Great Power Confrontation in the Indian Ocean: The Geo-Politics of the Sri Lankan Civil War

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Great Power Confrontation in the Indian Ocean: The Geo-Politics of the Sri Lankan Civil War

The support and positions of various foreign governments in regards to the diabolic fighting between the Tamil Tigers and the Sri Lankan military, which cost the lives of thousands of innocent civilians, says a great deal about the geo-strategic interests of these foreign governments. The position of the governments of India and a group of states that can collectively be called the Periphery, such as the U.S. and Australia, were in support of the Liberation Tigers of Tamil Ealam (LTTE) or Tamil Tigers, either overtly or covertly. Many of these governments also provided this support tacitly, so as not to close any future opportunity of co-opting Sri Lanka after the fighting was over.

In contrast, the governments of a group of states that can jointly be called Eurasia as a collective entity, such as Iran and Russia, supported the Sri Lankan government. The polar nature of the support by Eurasia and the Periphery for the two different combating sides in the Sri Lankan Civil War betrays the scent or odour of a much broader struggle. This is a struugle that extends far beyond the borders of the island of Sri Lanka and its region.

Why is this so? Much of the answer to such a question has to do with the formation of a growing alliance in the Eurasian landmass against the international domination of the U.S. and its allies. This Eurasian alliance was formed on the basis of the growing cohesion between Moscow, Tehran, Beijing, and their allies that has seen the animation of the Primakov Doctrine. The Shanghai Cooperation Organization (SCO), a security body with real military dimensions that has been called “the NATO of the East” within some foreign policy circles is a real symbol of this geo-political dynamic. In 2009, the last chapter of the Sri Lankan Civil War was very much a theatre within this process.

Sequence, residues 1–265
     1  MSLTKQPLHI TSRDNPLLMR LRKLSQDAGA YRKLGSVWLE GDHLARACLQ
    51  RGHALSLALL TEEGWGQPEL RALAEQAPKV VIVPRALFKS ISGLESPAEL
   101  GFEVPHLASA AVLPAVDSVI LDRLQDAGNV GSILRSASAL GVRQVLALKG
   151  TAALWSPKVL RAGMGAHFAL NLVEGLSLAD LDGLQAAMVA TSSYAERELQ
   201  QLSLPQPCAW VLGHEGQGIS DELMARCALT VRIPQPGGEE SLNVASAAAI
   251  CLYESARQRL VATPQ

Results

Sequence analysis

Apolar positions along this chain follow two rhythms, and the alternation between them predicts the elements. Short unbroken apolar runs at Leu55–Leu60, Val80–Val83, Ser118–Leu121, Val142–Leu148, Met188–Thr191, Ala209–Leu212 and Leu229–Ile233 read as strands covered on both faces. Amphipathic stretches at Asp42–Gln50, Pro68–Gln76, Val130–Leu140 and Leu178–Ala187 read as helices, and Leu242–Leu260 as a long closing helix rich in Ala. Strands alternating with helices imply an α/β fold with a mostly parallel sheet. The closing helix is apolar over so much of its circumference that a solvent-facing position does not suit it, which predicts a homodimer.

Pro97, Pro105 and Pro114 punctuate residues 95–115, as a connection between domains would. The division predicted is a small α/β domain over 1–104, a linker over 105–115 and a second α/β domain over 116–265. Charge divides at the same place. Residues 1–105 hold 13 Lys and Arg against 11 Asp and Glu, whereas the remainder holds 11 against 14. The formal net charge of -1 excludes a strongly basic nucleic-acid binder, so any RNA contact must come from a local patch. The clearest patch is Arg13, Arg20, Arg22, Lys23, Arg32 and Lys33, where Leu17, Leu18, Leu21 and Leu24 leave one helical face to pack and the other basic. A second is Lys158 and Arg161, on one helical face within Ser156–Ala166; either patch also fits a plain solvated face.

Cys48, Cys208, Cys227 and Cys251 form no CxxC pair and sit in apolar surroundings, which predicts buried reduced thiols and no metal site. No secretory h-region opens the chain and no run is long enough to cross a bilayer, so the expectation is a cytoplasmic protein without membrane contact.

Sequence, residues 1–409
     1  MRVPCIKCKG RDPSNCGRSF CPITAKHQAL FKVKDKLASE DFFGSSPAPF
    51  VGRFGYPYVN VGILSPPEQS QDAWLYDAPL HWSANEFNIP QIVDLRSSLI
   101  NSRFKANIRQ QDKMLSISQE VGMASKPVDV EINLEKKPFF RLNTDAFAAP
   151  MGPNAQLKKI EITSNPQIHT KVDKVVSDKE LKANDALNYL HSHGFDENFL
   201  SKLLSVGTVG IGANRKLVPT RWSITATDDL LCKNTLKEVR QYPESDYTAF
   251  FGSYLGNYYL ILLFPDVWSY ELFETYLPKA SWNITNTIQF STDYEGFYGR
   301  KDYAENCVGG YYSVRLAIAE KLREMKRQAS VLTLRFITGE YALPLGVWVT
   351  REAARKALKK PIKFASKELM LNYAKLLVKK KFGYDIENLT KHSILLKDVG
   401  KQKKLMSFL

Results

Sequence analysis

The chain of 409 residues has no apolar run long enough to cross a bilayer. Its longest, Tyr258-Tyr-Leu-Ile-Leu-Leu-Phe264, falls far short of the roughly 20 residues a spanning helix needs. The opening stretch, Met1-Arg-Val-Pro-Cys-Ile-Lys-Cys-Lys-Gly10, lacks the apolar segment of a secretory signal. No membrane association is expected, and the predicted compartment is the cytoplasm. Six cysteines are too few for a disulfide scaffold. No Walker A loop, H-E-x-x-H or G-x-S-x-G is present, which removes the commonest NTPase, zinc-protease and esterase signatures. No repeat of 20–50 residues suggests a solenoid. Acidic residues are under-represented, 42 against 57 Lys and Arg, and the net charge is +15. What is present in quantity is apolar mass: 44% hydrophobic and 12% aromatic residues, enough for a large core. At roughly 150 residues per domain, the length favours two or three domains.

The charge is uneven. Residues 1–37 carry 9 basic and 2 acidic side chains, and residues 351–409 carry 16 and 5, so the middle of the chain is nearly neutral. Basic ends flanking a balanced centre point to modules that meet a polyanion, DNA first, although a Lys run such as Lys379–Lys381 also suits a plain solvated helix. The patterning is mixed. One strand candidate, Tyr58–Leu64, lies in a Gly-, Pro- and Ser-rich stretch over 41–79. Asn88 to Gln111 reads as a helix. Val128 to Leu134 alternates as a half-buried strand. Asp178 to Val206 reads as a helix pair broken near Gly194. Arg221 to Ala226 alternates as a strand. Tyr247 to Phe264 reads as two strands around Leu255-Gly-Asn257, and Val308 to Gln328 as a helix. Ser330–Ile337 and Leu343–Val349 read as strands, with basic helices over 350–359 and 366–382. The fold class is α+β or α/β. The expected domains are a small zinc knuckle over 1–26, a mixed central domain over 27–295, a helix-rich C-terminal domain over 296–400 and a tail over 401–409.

Enter the Chinese Dragon: The start of Sri Lankan Estrangement from the U.S. and India  

2007 was a milestone year for Sri Lanka. On March 12, 2007, Colombo agreed to allow the Chinese to build a massive naval port on its territory, at Hambantota. An agreement on the construction of the port was finalized and signed by the Sri Lankan Port Authority with two Chinese companies, the China Harbor Engineering Company and the Sino Hydo Corporation. [1] The Sri Lankan government’s decision was mostly formed on the basis of economic benefits and Chinese support to end the fighting on their island.

What followed was the estrangement of Sri Lanka from the U.S. and India. It has been a U.S. policy to encircle China and to prevent it from building any ports or bases outside of Chinese territory. As a result, the U.S. shortly cut its military assistance to the Sri Lankan military. [2] Indian support for the Tamil Tigers also increased through pressure on Colombo to make Sri Lanka a federal state with autonomy for the Tamils. Beijing threw its political weight behind Colombo and also began sending large arms shipments to Sri Lanka. As an additional comparison, Chinese aid to Sri Lanka in 2008 was about a billion U.S. dollars, while U.S. aid was only 7.4 million U.S. dollars. [3]

It is from 2007 onward that Sri Lanka became a part of the alliance in Eurasia through its agreement with China and its subsequent estrangement from the U.S. and India. By the end of 2007, Sri Lanka had entrenched itself in the geo-strategic trenches with Russia, Iran, and China. These reasons and not humanitarian concern(s) are the primary rationale for support provided, in one way or another, to the Tamil Tigers by the governments of India, the U.S., Britain, Japan, Australia, Canada, and the European Union.

Sri Lankan Military ties to the Moscow-Beijing-Tehran Axis